is ...

     ...such a dynamo!

     There's so much to say about the work but just as much to say about the man. How is it possible that someone with whom I never officially took a class or had officially as a thesis adviser could have essentially fostered my whole career? Invested time and care not only during, but well after, my official schooling. It wasn't as if I didn't already have abundant riches in the mentor realm. But Bob's generosity supplemented them. I remember that Bob bothered to read one of my earliest published stories--it remains the one I am best known for—he saw exactly what its intention was. He quelled my anxiety by stating flatly, it's not about sex; it's about philosophy. When editors were on the prowl for "young talent," it was Bob who took it upon himself to play midwife, sending me toward top-notch editors in the days when major presses still took chances—with characteristic generosity that was above and beyond the call. Not every great writer would share his own agent with a young writer he considered worthy. And as we who teach know, being considered worthy is an incentive to become worthy.

     It was and remains difficult to match Bob's energy, no less abundant at eighty than it was thirty years ago. The life of the mind had a social component; Bob's late-night life demonstrated that one did not fulfill one's writerly destiny exclusively in solitude. One shared ideas over fine food and fine wine, and went to great lengths to create occasions for such exchange. Bob was the grand maestro choreographer. Great writers (as well as great critics, great translators) were flown in from distant places to create historic literary occasions, and most importantly, for Bob, to create that moment, well after formal conferences had terminated, of informal, intimate exchange over a glass of wine. What astounding fortune to be privy to the gathering of such luminaries as Barth, Gass, Gaddis, Barthelme, Hawkes, Carter, Robinson, and Coover: all in one room. Unspeakable Practices were initiated, perpetuated, and cherished. The making of narrative that dared to foreground language or dared to thumb its nose at the conventions of the fictive status quo: these gestures were ultimately the unspeakable practices. The stakes were high for a renegade writer. And in fact, the higher the better, as far as he was concerned, because Bob also, as we know, had a keen interest in those writers who made uncompromising artistic choices within oppressive political contexts, and he supported this species of freedom at any cost. And of course, he was just such a writer himself.

     I'll never forget an amazing performance of The Public Burning he presented at a humble graduate student reading. (The mingling of such stars among us novices was a tremendous gift.) The courage of its contents was self-evident, but the genius of its form, as with all Bob's work, was equally salient. Moreover, Bob's performance values taught me most everything I know about delivering one's fiction orally to an audience. His theatricality was electric, and not in the least gratuitous. The vivacity, disinterest in propriety, and rhythmic ingenuity he modeled was profoundly inspirational, and thoroughly entertaining. But even more instructive was the glee with which he shared condemnatory reviews. From Bob we learned that the censoriousness of the masses was potentially a special badge of honor.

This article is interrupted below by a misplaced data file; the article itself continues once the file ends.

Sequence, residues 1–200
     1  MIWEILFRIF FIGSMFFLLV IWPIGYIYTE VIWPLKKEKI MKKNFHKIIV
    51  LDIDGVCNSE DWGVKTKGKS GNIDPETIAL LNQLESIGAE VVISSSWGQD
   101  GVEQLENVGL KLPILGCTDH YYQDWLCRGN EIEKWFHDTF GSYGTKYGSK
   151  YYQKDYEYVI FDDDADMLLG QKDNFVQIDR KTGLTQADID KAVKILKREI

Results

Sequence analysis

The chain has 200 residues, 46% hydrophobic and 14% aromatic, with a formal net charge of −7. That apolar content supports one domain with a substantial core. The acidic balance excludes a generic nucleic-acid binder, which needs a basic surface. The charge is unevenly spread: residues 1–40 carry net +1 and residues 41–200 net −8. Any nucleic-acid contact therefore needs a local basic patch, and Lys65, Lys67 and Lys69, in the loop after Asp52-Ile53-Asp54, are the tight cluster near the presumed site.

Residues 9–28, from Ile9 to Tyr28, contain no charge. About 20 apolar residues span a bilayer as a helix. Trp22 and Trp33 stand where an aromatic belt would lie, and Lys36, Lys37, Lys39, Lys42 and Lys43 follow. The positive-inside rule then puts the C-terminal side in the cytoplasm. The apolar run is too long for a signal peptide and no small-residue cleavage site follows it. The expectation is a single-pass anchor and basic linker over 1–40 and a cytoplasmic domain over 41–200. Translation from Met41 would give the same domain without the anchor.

But the guy was practical too. I probably would never have learned to use a computer had Bob not insisted that our graduate theses be delivered through the means of that nascent technology, and so nightly from 2:00 – 6:00 A.M., I occupied the Brown mainframe, while night-owl undergraduates played the early version of computer games--in the days when computers took up entire rooms. When it came time to leave the nest, or at least contemplate doing so, it was Bob who had practical advice based on philosophical principles. And the principle was always putting art first. Whatever made the writing thrive was what should be done. And so when I couldn't decide whether to flee to California for my first tenure-track job, Bob said, if you go, sublet, leave your piano in Providence, try it out, don't be rash. Most rational people would be aghast at someone's even considering turning down a tenure-track job, but Bob thought tenure was a dangerous thing for a writer, who should never be institutionally enslaved. And yet his life-long commitment to Brown made evident that being a free agent in spirit did not preclude giving one hundred percent of one's energies to assisting the development of young writers--and continuously shaping the legacy of experimental fiction.

Mary Caponegro's "SPANKING the FORM" appears elsewhere in this issue.